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Labeling is an important and essential component of any spa product. Listing everything from ingredients to directions to warnings, the label conveys a great deal, especially when it comes to products like sunless tanners. There’s so much information, in fact, that it’s easy to get lost. Once you can see the meaning behind the product’s label, however, you can figure out what the best fit is for your spa.
Basic industry terminology
Before delving into labeling and what it means specifically for sunless tanning products, it is important to cover basic industry terminology, keeping in mind that this article will only provide a brief overview, as the cosmetics industry regulations can be rather involved and complex.
What’s the difference between cosmetics, drugs and cosmeceuticals? According to the U.S. Food and Drug Administration (FDA), the Food, Drug, and Cosmetic Act (FD&C Act) defines cosmetics as “articles intended to be rubbed, poured, sprinkled, or sprayed on, introduced into, or otherwise applied to the human body ... for cleansing, beautifying, promoting attractiveness, or altering the appearance.” Cosmetics include items that are typically thought of as makeup, perfumes and moisturizing creams.1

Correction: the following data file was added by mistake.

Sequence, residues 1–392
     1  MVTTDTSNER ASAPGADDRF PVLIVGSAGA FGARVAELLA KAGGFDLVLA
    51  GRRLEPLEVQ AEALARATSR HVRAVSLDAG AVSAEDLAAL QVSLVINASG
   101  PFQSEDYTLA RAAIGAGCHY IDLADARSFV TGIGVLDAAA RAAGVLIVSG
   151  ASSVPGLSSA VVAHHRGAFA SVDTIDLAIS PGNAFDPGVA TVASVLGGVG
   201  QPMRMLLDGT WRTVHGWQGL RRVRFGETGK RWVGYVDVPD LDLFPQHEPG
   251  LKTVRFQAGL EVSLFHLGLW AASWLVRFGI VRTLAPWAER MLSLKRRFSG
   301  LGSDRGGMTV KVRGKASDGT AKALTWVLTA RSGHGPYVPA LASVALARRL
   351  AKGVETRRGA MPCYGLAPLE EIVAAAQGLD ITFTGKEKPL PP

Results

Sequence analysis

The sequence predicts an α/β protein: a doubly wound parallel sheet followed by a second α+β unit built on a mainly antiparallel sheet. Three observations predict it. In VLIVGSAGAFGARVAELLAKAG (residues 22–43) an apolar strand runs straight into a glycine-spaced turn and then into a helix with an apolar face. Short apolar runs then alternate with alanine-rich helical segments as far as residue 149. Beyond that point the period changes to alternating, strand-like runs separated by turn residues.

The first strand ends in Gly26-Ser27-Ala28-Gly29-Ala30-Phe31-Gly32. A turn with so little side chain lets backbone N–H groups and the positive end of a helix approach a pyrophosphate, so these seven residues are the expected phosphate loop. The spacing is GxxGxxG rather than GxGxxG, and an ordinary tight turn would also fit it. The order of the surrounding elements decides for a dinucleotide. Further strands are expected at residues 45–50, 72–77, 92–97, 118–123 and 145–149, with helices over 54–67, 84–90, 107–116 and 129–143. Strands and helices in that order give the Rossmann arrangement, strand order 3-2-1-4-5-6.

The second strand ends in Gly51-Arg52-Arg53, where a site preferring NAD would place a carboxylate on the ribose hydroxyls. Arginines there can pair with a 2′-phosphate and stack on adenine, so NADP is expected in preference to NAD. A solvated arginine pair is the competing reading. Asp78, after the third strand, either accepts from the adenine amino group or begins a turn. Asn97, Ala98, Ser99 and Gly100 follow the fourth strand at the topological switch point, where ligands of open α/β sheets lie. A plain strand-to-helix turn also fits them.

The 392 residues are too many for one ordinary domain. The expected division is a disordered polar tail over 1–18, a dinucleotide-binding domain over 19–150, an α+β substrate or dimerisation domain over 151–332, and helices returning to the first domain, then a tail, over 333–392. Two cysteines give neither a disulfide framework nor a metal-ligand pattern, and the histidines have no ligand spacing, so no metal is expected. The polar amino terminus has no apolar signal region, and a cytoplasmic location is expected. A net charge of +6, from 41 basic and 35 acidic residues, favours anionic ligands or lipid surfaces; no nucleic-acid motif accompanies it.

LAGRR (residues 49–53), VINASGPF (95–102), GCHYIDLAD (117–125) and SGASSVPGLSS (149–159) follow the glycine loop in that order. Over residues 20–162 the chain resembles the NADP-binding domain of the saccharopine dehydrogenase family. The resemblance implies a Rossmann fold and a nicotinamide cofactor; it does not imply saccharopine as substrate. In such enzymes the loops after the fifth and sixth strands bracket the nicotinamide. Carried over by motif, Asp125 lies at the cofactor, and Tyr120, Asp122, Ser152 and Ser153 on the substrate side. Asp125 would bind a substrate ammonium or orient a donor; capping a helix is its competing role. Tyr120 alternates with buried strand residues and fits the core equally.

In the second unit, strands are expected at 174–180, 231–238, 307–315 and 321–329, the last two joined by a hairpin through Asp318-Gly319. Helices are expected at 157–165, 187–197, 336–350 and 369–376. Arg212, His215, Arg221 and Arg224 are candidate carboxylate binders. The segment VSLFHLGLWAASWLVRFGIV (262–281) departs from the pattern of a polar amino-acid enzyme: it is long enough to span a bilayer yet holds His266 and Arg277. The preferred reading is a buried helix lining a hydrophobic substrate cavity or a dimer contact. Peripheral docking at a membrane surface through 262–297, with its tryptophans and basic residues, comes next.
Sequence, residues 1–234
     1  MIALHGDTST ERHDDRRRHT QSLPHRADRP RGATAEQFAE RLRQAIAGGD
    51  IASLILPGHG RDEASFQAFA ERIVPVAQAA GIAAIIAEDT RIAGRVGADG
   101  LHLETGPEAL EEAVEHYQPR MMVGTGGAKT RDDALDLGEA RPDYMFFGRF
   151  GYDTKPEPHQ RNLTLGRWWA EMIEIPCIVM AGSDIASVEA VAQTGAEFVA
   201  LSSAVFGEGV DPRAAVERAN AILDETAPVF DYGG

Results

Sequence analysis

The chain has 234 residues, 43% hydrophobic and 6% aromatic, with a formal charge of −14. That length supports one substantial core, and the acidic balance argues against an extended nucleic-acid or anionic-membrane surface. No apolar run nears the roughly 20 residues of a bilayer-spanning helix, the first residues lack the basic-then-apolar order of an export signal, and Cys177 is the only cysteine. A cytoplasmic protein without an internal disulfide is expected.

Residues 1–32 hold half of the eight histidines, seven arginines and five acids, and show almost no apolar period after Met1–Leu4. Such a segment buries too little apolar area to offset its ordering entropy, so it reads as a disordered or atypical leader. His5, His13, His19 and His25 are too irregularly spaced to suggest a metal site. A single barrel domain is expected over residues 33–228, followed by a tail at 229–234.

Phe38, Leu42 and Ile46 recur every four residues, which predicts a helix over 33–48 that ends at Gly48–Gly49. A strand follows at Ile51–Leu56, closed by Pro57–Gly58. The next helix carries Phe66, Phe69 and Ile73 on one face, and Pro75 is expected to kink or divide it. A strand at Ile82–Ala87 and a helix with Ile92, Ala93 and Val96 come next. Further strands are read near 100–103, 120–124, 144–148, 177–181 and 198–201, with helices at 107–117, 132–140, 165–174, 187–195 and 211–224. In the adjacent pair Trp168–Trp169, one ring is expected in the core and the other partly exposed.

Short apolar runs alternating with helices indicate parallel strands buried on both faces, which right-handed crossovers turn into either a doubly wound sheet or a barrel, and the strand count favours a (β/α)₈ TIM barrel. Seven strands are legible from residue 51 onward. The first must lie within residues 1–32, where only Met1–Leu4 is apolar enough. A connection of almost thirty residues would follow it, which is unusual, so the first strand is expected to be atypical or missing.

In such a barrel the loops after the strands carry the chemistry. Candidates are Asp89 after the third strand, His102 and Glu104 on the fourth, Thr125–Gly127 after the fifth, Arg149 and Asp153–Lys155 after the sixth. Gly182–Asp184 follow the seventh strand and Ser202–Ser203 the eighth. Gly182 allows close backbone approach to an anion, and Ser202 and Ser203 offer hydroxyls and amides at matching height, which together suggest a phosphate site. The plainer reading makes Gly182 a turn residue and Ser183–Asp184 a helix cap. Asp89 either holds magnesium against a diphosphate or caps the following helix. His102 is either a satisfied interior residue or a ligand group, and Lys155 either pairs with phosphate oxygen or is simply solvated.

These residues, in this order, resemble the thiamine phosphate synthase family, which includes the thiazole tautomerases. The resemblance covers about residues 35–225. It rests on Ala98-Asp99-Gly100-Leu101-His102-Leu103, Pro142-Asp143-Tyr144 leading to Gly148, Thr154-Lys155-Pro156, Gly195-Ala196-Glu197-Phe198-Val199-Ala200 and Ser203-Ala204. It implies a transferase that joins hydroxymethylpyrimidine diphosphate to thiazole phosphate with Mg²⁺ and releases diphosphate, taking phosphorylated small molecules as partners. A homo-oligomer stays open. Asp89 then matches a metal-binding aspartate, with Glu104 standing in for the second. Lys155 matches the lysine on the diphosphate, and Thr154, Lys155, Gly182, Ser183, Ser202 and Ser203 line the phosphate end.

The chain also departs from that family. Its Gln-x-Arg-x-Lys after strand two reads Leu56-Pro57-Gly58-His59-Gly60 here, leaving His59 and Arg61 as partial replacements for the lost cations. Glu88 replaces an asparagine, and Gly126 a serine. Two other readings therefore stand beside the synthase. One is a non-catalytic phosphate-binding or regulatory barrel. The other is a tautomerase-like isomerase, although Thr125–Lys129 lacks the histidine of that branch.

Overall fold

Conversely, drugs, as defined by the FDA, include products that “cure, treat, mitigate or prevent disease or that affect the structure or function of the human body.”1 So, a moisturizer that claims to eliminate wrinkles—a medical claim—would need to be treated as a drug.
To further clarify terminology, cosmeceuticals is not a term recognized by the FD&C Act, so these products may be classified as either cosmetic or drug, depending on the claims made by their manufacturers and their ingredients. While drugs are subject to a review and approval process by the FDA before to sale, cosmetics are not. Labeling requirements also are somewhat different for drugs and cosmetics. For example, drug labels are required to list active and inactive ingredients separately.
Most sunless tanning products are designed only to enhance one’s appearance and therefore fall squarely into the cosmetics category. There are, however, ingredient-labeling rules and regulations that apply to any cosmetic product regardless of its classification.
What are the labeling rules for cosmetic products? Labels for cosmetic products must contain the following information
- the common name or function of the product
- the net quantity of contents in terms of weight or measure
- appropriate warnings
- the company name and business address of the firm manufacturing or distributing the product
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